© Lucian Milasan

Adding to the long list of failed start-ups, India’s notable digital freight forwarder “Freightwalla” has ceased all operations, local industry sources told The Loadstar.

Sources said the company, which had a headcount of some 75 employees at full flow, has already fired its entire workforce.

Mumbai-based Freightwalla was founded in 2016 by a team of three budding techpreneurs, with Sanjay Bhatia the frontline industry face.

“The founders were looking for a merger opportunity, but that didn’t go through, post which they were not willing to fund anymore themselves,” one source said.

“And they couldn’t find any new investors, either.”

The unsuccessful merger bid was with a Singapore-based tech company, sources said.

Talks to sell the logistics start-up to a local fintech platform, reportedly named CredAble, also collapsed, after making some headway.

One aggrieved mid-level Freightwalla executive, on the condition of anonymity, told The Loadstar that no “official” reasoning for the closure was provided by the company management.

“Many of us were not even paid severance entitlements,” the executive complained.

Freightwalla, on its website, boasted it had won $4m Series A funding, serving more than 2,000 user clients and 10,000 port pairs via partnerships in over 40 countries and preferential contract arrangements with 60 plus shipping lines.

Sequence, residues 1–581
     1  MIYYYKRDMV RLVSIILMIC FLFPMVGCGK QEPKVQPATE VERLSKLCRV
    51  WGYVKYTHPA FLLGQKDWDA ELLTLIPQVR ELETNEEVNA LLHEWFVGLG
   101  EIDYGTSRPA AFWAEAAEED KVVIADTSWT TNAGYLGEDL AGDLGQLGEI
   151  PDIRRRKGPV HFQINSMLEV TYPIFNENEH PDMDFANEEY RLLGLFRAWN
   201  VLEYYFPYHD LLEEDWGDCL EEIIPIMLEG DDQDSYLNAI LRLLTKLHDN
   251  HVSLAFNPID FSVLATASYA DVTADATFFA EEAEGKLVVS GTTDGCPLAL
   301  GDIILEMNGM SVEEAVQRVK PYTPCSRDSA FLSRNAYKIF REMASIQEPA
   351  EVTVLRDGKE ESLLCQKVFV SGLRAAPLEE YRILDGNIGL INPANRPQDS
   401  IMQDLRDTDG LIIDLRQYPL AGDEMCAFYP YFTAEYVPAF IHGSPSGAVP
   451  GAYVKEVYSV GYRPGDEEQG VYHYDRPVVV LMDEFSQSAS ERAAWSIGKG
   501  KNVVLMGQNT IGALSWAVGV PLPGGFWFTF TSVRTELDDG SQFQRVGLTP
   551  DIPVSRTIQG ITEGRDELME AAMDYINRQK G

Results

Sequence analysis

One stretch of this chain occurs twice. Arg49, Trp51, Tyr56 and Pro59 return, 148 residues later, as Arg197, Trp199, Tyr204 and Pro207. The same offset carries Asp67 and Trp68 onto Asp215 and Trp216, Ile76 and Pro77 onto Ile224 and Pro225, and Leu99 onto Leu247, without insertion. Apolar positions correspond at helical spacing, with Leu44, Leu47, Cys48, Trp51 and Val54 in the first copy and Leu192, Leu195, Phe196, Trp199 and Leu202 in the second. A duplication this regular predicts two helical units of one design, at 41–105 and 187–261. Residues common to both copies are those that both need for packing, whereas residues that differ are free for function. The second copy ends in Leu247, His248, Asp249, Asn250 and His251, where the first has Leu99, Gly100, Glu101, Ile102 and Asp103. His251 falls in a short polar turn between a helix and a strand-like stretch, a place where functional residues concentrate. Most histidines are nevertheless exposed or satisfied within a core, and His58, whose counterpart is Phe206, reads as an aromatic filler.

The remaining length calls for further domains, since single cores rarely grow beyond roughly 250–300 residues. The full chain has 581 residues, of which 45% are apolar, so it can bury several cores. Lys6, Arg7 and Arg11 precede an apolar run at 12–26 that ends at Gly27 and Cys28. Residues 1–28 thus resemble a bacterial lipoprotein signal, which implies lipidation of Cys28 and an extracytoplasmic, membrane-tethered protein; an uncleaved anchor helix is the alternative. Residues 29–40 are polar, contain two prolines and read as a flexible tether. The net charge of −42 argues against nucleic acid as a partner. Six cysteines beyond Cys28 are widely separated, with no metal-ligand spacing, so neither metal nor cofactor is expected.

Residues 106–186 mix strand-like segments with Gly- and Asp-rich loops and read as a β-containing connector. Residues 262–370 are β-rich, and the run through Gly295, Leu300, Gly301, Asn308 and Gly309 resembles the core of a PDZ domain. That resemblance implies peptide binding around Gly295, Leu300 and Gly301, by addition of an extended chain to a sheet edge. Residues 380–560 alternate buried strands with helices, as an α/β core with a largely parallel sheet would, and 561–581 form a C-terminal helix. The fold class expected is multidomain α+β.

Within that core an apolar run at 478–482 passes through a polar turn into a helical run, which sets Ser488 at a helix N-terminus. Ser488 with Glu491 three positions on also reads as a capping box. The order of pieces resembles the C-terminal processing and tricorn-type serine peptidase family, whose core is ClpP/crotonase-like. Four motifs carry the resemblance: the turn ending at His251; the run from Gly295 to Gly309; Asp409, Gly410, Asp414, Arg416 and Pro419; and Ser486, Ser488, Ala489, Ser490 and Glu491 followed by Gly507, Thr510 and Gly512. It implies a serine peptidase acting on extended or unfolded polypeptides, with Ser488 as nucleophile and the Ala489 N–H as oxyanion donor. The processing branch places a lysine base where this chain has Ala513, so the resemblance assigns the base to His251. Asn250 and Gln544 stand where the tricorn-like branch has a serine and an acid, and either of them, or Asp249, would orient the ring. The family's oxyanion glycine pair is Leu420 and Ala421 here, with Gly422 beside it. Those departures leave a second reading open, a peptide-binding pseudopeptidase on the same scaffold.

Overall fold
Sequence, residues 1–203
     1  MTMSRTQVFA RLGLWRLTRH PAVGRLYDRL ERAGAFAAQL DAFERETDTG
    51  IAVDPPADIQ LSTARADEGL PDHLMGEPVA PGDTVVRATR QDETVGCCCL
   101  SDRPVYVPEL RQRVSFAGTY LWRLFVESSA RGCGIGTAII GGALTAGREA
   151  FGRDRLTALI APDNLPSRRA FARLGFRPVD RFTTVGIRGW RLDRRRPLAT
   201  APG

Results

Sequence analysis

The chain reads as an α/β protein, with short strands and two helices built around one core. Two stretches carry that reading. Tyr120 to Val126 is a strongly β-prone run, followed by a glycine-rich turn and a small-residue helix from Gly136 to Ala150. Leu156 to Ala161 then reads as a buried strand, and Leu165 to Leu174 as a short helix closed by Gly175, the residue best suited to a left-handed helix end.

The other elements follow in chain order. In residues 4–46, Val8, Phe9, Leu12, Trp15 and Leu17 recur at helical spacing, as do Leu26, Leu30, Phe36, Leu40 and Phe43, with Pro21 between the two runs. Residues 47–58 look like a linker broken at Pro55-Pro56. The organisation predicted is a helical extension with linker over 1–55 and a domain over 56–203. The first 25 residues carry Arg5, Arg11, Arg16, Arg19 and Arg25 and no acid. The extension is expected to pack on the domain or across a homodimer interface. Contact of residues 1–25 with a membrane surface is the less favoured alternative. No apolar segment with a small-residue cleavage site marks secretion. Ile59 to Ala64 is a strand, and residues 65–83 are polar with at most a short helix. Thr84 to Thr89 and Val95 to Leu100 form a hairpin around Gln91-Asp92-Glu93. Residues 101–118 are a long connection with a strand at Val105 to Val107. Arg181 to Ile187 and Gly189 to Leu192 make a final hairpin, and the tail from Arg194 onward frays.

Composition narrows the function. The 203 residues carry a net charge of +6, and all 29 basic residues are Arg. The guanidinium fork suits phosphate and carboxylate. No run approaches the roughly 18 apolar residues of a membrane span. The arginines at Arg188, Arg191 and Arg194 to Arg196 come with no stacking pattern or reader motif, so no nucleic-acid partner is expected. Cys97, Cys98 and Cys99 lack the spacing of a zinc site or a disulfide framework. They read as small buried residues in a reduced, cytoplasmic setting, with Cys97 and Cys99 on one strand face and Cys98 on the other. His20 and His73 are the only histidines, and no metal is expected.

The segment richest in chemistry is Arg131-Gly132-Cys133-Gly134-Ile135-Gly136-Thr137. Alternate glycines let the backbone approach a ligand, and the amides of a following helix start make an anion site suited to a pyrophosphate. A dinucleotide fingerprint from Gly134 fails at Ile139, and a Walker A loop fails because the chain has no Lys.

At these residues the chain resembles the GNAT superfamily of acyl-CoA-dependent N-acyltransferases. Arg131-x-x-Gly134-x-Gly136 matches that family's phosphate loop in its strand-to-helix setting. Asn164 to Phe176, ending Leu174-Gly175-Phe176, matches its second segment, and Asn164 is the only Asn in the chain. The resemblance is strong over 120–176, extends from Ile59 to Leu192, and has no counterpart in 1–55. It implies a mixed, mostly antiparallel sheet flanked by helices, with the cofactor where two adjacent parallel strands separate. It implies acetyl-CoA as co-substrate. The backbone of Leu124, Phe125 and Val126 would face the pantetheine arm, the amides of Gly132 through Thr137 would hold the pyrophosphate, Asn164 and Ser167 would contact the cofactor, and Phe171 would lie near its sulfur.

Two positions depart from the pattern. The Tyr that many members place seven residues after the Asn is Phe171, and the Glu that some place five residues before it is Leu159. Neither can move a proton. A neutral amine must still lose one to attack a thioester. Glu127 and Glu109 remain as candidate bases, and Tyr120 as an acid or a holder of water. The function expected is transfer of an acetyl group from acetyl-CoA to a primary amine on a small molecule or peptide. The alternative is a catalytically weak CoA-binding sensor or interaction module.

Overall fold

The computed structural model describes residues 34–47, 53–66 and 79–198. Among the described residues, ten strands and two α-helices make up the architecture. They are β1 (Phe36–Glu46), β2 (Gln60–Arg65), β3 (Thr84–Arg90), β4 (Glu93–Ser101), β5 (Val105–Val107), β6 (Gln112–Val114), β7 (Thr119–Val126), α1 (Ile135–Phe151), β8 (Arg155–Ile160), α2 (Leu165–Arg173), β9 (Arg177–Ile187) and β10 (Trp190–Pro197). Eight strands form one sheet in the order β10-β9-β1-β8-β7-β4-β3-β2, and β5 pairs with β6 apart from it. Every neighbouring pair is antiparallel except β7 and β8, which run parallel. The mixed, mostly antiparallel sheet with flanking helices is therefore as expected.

With uncertain freight market conditions around, the fate of Freightwalla is another indication that investors have begun to move more gingerly in funding start-ups, a tech industry observer noted.

Freightwalla grabbed considerable industry headlines as a one-stop digital solutions provider to challenge traditional, relationship-based “mom-and-pop” freight brokerages, run with opaque business methods.

Pricing transparency and shipment visibility have been the core selling points of these logistics tech start-ups, following in the footsteps of global trailblazers Freightos and Flexport.

The Indian list includes Shipwaves, Freightbro, FreightCrate and Cogoport. But with funding challenges, the going has been tough for most of them, sources said.

Meanwhile, the Allcargo Group, India’s logistics leader and the parent of global LCL consolidator ECU Worldwide, has rejected reports that it had made any kind of market efforts to sell its express logistics arm Gati.

Fast-growing Delhi-based e-commerce logistics platform Delhivery was rumoured to be in the race to acquire Gati.

Shashi Kiran Shetty-led Allcargo took control of Gati in 2019, initially buying a 44.6% stake for some $58m.

“The company is not in discussion with anyone regarding such a sale,” Allcargo said in a statement. “Gati remains an important and integral part of Allcargo Group, and we remain focused on strengthening the group’s position in the fast-growing express logistics business segment,” it said.

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